Equifax Board Releases Findings of Special Committee Regarding Stock Sale by Executives – iCrowdNewswire
 
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Nov 3, 2017 2:50 PM ET

Equifax Board Releases Findings of Special Committee Regarding Stock Sale by Executives

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iCrowdNewswire - Nov 3, 2017

ATLANTA, — The Board of Directors of Equifax Inc. (NYSE: EFX) today released a report by the Special Committee regarding the trading of Company securities by certain executives following the detection by Equifax cybersecurity personnel of suspicious activity in the Company’s network and prior to public disclosure of the incident. The Board formed the Special Committee in September to conduct an independent review of various aspects of the cybersecurity incident and the Company’s response to it. The report released today relates exclusively to the securities trading matter.

 

The Special Committee’s report, which is attached, concludes that “none of the four executives had knowledge of the incident when their trades were made, that preclearance for the four trades was appropriately obtained, that each of the four trades at issue comported with Company policy, and that none of the four executives engaged in insider trading.” As part of the review process, the Special Committee conducted dozens of interviews, and reviewed more than 55,000 documents including emails, text messages, phone logs and other records.

“I’m grateful for the timely and thorough review by the Special Committee of this important matter. The Board takes very seriously any allegation of insider trading. It is critically important for the public, our shareholders, our customers and our employees to know that we will not tolerate any violation of Company policy or the law regarding the trading of securities. The conclusion that the Company executives in question traded appropriately is an extremely important finding and very reassuring,” said Non-Executive Chairman Mark L. Feidler.

The Special Committee of the Board is comprised of independent directors and is advised by independent counsel.  The Special Committee continues to review the cybersecurity incident, the Company’s response to it, and all relevant policies and practices.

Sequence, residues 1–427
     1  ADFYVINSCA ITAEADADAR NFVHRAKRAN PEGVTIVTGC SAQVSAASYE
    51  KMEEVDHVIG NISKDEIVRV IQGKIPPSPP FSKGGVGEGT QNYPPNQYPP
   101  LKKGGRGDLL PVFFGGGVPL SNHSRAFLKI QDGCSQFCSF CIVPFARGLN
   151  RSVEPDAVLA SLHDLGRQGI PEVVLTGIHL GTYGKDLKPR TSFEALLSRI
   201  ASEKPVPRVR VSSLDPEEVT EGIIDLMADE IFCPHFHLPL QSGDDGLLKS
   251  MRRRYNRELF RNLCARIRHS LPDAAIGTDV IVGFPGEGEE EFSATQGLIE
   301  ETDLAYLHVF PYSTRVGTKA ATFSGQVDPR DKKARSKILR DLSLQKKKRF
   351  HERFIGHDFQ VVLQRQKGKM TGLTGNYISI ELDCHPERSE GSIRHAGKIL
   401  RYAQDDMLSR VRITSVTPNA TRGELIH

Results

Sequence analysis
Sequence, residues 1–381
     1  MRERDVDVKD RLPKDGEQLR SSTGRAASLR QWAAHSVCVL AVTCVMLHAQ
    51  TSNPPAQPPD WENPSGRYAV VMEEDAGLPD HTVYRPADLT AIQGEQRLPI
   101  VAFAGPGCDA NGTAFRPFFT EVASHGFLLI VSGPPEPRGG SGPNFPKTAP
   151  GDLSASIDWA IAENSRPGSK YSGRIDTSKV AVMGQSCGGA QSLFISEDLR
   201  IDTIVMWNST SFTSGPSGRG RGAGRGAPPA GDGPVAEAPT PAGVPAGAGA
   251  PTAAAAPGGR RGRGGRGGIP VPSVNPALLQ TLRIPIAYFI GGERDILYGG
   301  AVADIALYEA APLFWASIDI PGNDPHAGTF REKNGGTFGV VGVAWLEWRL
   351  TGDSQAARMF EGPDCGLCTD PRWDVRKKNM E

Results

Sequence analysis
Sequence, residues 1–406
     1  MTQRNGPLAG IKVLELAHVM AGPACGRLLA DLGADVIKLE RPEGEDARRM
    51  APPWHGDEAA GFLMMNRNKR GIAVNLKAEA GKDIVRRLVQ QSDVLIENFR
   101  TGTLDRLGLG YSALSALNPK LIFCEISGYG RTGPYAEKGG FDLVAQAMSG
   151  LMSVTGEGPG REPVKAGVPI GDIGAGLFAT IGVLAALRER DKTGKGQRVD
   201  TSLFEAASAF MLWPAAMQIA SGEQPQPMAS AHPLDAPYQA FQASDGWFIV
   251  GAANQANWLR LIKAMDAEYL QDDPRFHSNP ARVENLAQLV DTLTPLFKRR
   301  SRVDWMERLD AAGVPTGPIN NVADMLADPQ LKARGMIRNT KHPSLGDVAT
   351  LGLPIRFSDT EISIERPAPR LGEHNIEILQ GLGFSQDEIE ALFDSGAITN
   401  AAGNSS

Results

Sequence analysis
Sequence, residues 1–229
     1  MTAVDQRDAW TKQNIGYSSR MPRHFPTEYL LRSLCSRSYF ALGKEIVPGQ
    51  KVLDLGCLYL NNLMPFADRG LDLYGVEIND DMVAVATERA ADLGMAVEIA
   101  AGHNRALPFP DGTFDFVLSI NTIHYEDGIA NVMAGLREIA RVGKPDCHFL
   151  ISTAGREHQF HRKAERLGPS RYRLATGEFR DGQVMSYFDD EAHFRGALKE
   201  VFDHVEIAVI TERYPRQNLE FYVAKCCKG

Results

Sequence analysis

About Equifax
Equifax is a global information solutions company that uses trusted unique data, innovative analytics, technology and industry expertise to power organizations and individuals around the world by transforming knowledge into insights that help make more informed business and personal decisions.

Headquartered in Atlanta, Ga., Equifax operates or has investments in 24 countries in North America, Central and South America, Europe and the Asia Pacific region. It is a member of Standard & Poor’s (S&P) 500® Index, and its common stock is traded on the New York Stock Exchange (NYSE) under the symbol EFX. Equifax employs approximately 10,100 employees worldwide.

Contact
Marisa Salcines
Media Relations
[email protected]

REPORT OF THE SPECIAL COMMITTEE OF 
THE BOARD OF DIRECTORS OF EQUIFAX INC.

Elane B. Stock, Chair
Robert D. Daleo
G. Thomas Hough

November 1, 2017

Counsel
Wilmer Cutler Pickering Hale and Dorr LLP

REPORT OF THE SPECIAL COMMITTEE

In September 2017, the Board of Directors of Equifax Inc. formed a Special Committee of independent directors to address matters related to the cybersecurity incident disclosed by Equifax on September 7, 2017.  The Special Committee was charged with conducting an independent review of the circumstances of trading in Equifax securities by certain executives following the discovery by Equifax of suspicious activity on its network and prior to the public disclosure of the incident.  The Special Committee was advised by Wilmer Cutler Pickering Hale and Dorr LLP (“WilmerHale”) in conducting the review, and the Special Committee directed WilmerHale during the course of the investigation.  This report presents the findings of the Special Committee and the work of WilmerHale resulting from the review of the trading.

Equifax has an Insider Trading Policy applicable to all employees.  Under that policy, no employee may trade in Equifax securities if he or she possesses material non-public information regarding Equifax.  In addition, Equifax directors and certain senior Equifax officers may trade in Equifax securities only in specified “trading windows” and only if they first receive preclearance by the Equifax Chief Legal Officer or his designee.